In just a few decades, the city of Pittsburgh did a complete, 180 degree turn around from a grimy, smoky center for steel mills to the most livable city in the United States. Earlier this year, the Richard King (RK) Mellon Foundation awarded Robert Morris University $170,000 dollars to fund a documentary on the Allegheny Conference for Community Development (ACCD) – the reason many believe these changes to the city happened the way they did.
David Jamison, Provost at Robert Morris University, has been the driving force behind taking the idea of this documentary and making it a reality. He wrote and submitted the proposal in January, telling the evolution of the ACCD within the 70 years it has been in existence.
Another key player in creating the documentary is Professor Michael Dilauro, Director of the Academic Media Center at Robert Morris University. Dilauro is serving as the director and producer of the documentary. In addition to overseeing production, he is also in charge of the project from a budgetary standpoint.
What makes the ACCD notable is the idea of the public and private sector coming together to make Pittsburgh a better place, as both Jamison and Dilauro stated.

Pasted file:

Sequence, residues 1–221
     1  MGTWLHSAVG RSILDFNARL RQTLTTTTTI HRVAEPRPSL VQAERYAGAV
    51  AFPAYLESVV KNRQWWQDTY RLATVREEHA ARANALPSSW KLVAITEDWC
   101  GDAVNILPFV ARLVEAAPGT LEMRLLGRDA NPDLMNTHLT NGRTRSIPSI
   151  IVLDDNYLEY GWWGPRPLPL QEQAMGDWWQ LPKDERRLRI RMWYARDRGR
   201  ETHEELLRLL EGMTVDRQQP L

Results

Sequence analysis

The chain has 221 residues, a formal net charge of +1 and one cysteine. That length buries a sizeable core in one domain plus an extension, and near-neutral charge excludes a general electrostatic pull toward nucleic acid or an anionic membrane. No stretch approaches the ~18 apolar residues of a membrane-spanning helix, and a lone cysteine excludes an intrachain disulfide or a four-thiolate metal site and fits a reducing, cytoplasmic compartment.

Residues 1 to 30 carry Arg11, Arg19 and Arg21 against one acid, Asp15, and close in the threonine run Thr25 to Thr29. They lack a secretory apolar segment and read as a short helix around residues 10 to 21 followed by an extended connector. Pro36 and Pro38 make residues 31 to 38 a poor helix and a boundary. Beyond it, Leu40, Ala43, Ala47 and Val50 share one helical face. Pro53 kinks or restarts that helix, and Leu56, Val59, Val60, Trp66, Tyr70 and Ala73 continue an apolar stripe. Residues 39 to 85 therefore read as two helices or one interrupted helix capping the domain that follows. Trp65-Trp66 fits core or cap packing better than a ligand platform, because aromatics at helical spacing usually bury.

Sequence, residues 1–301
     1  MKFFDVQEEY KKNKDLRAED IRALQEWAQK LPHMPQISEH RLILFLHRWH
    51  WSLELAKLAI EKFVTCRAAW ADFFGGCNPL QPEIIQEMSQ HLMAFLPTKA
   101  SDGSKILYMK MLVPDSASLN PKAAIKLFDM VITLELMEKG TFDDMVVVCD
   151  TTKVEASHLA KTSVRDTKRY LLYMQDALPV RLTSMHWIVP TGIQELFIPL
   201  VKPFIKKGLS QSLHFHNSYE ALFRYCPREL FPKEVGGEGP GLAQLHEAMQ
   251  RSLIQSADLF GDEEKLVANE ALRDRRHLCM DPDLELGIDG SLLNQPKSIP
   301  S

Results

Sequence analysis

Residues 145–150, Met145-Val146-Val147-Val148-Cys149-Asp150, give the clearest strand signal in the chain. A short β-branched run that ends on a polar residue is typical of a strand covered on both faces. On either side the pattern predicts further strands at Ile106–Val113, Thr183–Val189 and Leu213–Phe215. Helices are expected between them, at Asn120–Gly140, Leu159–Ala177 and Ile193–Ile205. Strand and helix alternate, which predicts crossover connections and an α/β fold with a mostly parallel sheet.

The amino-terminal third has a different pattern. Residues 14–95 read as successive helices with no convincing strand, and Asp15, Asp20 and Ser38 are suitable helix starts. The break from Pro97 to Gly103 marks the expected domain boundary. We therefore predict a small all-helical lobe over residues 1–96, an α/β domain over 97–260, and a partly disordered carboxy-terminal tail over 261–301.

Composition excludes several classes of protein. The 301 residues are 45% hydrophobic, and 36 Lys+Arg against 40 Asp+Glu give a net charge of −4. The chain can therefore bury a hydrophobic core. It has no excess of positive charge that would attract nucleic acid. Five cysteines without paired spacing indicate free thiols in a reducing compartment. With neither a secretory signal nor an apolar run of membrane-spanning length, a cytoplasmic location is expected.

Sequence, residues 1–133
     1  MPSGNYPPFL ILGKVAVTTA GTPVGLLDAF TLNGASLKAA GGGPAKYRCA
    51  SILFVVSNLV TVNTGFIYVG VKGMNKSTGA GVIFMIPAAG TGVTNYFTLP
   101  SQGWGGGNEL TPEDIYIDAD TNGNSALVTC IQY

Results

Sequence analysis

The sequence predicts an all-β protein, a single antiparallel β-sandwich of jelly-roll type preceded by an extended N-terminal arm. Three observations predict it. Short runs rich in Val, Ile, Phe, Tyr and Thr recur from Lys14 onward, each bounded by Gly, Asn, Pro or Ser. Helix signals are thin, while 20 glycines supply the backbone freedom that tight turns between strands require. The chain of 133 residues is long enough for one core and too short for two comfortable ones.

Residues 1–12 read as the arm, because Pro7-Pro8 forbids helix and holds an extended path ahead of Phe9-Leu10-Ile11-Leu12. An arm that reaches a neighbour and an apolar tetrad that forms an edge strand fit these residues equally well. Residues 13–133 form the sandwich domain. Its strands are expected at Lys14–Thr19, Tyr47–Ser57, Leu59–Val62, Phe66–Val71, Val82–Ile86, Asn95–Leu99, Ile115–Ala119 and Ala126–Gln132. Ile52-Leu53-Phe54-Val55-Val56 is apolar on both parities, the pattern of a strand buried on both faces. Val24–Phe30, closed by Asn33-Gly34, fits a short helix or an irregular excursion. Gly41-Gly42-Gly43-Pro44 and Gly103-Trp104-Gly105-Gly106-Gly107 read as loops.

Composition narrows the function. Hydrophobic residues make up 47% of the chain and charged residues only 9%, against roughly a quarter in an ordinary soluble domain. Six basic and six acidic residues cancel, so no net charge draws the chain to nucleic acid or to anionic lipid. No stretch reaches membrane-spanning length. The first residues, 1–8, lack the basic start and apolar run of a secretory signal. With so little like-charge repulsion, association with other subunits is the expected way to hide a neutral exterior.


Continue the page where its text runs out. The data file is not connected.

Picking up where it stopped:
According to Dilauro, the documentary is projected to be completed and ready for showing by Sept. 2014. Currently, the documentary is to be shown at the university’s Moon campus, as well as at the Bayer Center for Nonprofit Management downtown. The main outlet for the documentary will be WQED, according to Dilauro.
In the short time since the green light has been given, a lot of work has been done on the project. Many interviews have been scheduled, and a handful have already been completed over the summer. Interviewees range from Donald Carter, Director of Remaking Cities Institute to Dick Thornburgh, former Governor of PA, to Dennis Yablonsky, current executive director of the ACCD, and many other extremely influential figures.
Filming a documentary of this size in a limited amount of time requires a team to make it possible. Beth Dolinar Kusbit, a part-time faculty member in the School of Communications and Information Systems, has played a primary role in gathering research information and has been focusing on this project for some time. A few students working in the Academic Media Center are helping transcribe all of the interviews with participants in the conferences over the years.
For more information on how the documentary is developing and more specifics, look for an article in the print issue of The Sentry in early December.